Jada Pinkett Smith is headed to the White House for a meeting Wednesday on human trafficking.

Pinkett Smith offered news of the visit exclusively to ITK after speaking at a Wednesday event to launch the Senate Caucus to End Human Trafficking. Sens. Richard Blumenthal (D-Conn.) and Rob PortmanRobert (Rob) Jones PortmanLongtime tax aide leaving Senate Finance Committee Ex-McConnell policy aide joining lobby firm WATCH: Sen. Flake: “More doubtful” North Korean summit will happen  MORE (R-Ohio) joined the movie star at the Russell Senate Office Building.

Pinkett Smith was accompanied Wednesday morning by her 12-year-old daughter Willow — a celebrity in her own right with her 2010 hit "Whip my Hair" — who first brought the issue of human trafficking to her mom's attention after seeing the Kony 2012 viral video.

“I had no idea this existed at all,” says the entertainer. After doing her research, Pinkett Smith decided that “this could happen to anyone. This could happen to Willow. This could happen to me.”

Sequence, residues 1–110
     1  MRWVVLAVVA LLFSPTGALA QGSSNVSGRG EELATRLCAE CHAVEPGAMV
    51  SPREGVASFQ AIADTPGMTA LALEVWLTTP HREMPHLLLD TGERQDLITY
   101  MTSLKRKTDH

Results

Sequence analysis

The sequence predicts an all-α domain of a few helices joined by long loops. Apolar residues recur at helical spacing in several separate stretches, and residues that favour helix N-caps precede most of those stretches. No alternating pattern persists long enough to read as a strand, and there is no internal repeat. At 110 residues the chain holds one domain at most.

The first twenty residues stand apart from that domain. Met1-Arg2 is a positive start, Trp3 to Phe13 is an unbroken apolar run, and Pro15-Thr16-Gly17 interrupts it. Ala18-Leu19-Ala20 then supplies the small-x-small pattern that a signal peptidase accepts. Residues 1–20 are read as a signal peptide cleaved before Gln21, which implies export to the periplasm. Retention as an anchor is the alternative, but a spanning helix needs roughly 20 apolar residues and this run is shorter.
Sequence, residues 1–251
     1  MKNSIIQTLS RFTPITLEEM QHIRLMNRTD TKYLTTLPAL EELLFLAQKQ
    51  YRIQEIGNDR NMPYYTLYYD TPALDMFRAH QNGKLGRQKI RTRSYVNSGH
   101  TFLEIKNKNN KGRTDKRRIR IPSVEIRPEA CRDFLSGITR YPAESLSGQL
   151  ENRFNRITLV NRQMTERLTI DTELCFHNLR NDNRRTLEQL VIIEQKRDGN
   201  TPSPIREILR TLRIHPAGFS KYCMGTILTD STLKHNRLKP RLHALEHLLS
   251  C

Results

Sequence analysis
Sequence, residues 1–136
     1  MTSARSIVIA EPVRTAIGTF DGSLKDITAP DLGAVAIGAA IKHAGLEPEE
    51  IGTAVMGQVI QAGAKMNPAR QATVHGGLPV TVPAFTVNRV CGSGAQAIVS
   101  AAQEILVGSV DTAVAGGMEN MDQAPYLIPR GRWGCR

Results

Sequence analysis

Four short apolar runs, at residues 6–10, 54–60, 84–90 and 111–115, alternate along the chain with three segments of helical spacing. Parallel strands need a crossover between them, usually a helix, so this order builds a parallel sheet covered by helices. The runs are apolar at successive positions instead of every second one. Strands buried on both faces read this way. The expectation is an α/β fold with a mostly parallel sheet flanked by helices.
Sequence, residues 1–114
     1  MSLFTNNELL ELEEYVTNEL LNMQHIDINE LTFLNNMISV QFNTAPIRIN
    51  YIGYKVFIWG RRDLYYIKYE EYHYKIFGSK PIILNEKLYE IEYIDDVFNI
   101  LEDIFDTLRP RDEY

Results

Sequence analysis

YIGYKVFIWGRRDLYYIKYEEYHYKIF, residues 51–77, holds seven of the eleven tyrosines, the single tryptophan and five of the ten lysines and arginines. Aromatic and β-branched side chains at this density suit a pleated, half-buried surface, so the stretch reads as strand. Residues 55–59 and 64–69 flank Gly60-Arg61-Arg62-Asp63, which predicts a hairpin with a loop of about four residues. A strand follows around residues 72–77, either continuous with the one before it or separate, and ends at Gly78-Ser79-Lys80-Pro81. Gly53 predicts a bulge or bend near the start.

Wednesday's stop in Washington was a return trip for the “Matrix: Reloaded” star, who was joined by hubby Will Smith during a July visit to testify before Congress on human trafficking.

While typically fans can go gaga at a Hollywood star sighting, Pinkett Smith, 41, admits there are “quite a few” lawmakers who cause her to be starstruck. “I get more and more impressed when I see the type of energy and passion that goes behind the issues.”

Both stars are used to hobnobbing with some of Washington's biggest power players.

The Hollywood power couple hosted a fundraiser for President Obama's reelection campaign at their home last month that Michelle ObamaMichelle LeVaughn Robinson ObamaObama plans to use Netflix deal to stop political divisiveness Michelle Obama tweets out first look at cover of new book Netflix surpasses Comcast in market value MORE attended.

So what's it like prepping for a visit from the first lady? Pinkett Smith says she was going crazy ahead of the event “like no other.” While she doesn't usually open up her abode for parties, she says, “We couldn't deny the first family and certainly not the first lady.”